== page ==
5 March 2008 A mediation team with some of the world’s leading experts in ceasefires, transitional justice, power-sharing and constitutional arrangements is now on standby to help resolve crises around the world, the United Nations’ top political official announced today.
The new UN Mediation Standby Team is part of ongoing efforts to strengthen the ability of the UN’s Department of Political Affairs to help prevent conflict through assistance to diplomacy, according to B. Lynn Pascoe, the Under-Secretary-General for Political Affairs.
“What we are trying to do in this process is to make sure that not only do we carry out the Secretary-General’s efforts to be there fast in mediation and to be there very quickly on the ground when we’re asked by Member States or regional organizations, but also to make sure that we’ll be there with the very best expertise that’s available anywhere in the world,” Mr. Pascoe said as he launched the initiative at a Headquarters news conference.
Demand for mediation assistance has grown steadily in recent years, Mr. Pascoe said, noting the long list of recent talks, in particular those that set up power-sharing arrangements to end the post-election violence in Kenya and attempts to end the armed activity of the Lord’s Resistance Army (LRA) in northern Uganda.
And the situations are becoming increasing complex. “These are not places where you can go out and begin a negotiation by the seat of your pants,” the Under-Secretary-General noted. Even the most seasoned UN envoys usually need specialized advice.
For that reason, the Standby Team was chosen from a slate of hundreds of candidates, through a rigorous process that included nominations from UN Member States, tests and interviews.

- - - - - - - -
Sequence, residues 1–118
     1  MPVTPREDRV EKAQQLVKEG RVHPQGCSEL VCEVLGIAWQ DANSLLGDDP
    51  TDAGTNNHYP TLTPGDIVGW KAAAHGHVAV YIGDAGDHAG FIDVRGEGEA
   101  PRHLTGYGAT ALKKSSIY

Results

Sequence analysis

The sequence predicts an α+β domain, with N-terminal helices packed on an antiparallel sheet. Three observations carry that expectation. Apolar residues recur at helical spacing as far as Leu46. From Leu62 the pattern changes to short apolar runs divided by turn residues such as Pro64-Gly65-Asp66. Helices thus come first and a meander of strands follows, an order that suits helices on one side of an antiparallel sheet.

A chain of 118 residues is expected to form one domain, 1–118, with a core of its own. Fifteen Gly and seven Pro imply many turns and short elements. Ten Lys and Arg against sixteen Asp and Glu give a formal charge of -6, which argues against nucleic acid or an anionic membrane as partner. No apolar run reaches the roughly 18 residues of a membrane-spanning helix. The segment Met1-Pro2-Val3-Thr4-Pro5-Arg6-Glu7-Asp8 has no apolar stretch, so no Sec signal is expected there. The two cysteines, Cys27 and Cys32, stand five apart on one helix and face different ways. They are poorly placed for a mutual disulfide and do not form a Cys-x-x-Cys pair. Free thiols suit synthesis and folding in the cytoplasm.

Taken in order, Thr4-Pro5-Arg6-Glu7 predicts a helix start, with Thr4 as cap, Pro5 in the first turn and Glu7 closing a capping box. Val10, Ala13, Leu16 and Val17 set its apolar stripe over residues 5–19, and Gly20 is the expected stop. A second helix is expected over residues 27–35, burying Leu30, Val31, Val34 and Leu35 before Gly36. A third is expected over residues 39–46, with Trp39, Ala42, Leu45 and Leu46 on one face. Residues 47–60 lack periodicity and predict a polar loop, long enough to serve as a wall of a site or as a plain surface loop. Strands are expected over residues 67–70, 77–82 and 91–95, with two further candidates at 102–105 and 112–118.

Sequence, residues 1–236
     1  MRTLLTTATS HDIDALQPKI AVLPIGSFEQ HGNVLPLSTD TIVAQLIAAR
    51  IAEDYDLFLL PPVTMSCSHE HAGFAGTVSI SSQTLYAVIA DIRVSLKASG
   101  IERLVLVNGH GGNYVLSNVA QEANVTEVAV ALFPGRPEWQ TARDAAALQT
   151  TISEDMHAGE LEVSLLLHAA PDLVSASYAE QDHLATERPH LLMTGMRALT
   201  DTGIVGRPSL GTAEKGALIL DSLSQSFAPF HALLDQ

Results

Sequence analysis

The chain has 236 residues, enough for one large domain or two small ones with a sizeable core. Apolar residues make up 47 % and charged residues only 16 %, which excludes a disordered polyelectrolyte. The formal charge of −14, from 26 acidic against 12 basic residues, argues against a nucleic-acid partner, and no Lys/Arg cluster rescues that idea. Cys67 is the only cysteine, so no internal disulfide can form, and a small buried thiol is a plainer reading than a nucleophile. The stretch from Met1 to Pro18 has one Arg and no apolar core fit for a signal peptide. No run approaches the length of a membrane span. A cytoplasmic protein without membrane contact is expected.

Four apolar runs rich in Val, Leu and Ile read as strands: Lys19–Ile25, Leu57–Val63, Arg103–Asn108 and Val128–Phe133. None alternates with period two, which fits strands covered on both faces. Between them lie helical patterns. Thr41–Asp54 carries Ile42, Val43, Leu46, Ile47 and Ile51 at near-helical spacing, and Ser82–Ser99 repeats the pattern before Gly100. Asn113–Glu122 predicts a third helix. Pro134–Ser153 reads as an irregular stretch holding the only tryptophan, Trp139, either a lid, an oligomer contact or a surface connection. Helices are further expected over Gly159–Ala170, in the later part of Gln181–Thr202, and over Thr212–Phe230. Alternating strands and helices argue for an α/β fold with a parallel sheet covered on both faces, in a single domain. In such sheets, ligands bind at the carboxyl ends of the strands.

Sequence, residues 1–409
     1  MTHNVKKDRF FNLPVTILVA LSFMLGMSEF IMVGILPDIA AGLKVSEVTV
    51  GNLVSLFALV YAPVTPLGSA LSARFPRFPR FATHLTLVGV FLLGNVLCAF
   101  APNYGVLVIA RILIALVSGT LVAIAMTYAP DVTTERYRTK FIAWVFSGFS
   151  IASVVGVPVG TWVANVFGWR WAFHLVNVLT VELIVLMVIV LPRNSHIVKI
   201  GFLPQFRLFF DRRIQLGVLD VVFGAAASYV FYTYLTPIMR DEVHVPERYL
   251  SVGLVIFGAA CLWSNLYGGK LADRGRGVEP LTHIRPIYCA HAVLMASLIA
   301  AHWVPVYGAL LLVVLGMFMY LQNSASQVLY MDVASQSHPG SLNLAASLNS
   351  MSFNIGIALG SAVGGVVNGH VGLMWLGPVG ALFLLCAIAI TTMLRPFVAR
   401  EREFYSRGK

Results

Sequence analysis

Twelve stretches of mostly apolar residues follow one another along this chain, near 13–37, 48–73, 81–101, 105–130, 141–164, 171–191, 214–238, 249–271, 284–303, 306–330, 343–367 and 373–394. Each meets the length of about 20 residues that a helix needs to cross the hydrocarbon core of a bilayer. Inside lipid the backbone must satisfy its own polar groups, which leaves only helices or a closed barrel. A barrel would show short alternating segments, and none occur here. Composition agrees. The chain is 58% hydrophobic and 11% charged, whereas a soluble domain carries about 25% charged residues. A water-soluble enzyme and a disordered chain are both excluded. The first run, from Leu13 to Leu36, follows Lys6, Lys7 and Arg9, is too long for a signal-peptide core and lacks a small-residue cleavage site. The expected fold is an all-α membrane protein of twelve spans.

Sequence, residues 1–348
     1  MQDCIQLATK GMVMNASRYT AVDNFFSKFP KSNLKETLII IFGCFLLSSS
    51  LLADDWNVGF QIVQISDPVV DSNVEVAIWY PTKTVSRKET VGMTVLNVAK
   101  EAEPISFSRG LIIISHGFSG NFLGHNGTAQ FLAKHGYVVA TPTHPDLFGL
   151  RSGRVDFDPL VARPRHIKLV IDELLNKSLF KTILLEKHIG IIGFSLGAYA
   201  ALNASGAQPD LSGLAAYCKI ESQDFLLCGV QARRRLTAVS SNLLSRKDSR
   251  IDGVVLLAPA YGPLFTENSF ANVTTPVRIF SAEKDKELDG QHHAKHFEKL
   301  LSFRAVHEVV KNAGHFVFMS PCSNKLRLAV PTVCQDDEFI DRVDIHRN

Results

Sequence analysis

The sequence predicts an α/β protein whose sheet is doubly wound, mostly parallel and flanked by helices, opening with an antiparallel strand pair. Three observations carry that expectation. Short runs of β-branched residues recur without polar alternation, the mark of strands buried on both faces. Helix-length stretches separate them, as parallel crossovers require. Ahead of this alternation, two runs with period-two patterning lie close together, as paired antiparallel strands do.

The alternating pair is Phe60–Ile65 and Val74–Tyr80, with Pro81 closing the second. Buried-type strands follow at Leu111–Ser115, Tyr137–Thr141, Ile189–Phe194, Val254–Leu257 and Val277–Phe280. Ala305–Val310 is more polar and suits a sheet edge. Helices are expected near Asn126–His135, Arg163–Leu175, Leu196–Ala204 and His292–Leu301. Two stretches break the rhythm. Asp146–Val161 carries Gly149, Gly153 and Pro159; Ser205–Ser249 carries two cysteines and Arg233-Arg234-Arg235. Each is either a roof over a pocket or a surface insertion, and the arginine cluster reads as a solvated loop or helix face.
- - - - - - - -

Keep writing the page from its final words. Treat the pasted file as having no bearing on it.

The founding members of the team are led by Joyce Neu of the United States, who has mediated in dozens of countries around the world, some of which as adviser to US President Jimmy Carter and as founding Executive Director of the Institute for Peace & Justice at the University of San Diego.
Other members include Jeffery Mapendere of Zimbabwe, an expert in security arrangements; Patrick Gavigan of the US and Ireland, whose field is transitional justice and human rights; John McGarry of Canada, an expert in power-sharing; and Andrew Ladley of New Zealand, who has done extensive work in constitution-making and elections.
It is hoped that these founding members will be the seed of a much larger group, as their services will be much in demand, Mr. Pascoe said.
Two members of the group have already been dispatched to Kenya this week, to assist in the ongoing African-led mediation efforts there, missing out on the briefings they were meant to receive in New York before they head out to the field, he noted.
The team's activities are being funded in their first year through a donation by the Norwegian Government.
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